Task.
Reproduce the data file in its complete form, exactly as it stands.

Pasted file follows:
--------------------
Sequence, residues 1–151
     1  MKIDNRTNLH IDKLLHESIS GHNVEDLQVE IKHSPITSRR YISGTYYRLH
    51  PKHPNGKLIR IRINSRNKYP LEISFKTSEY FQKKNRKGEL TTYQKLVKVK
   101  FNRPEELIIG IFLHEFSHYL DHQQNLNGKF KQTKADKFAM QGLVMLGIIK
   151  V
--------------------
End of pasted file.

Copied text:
Sequence, residues 1–151
     1  MKIDNRTNLH IDKLLHESIS GHNVEDLQVE IKHSPITSRR YISGTYYRLH
    51  PKHPNGKLIR IRINSRNKYP LEISFKTSEY FQKKNRKGEL TTYQKLVKVK
   101  FNRPEELIIG IFLHEFSHYL DHQQNLNGKF KQTKADKFAM QGLVMLGIIK
   151  V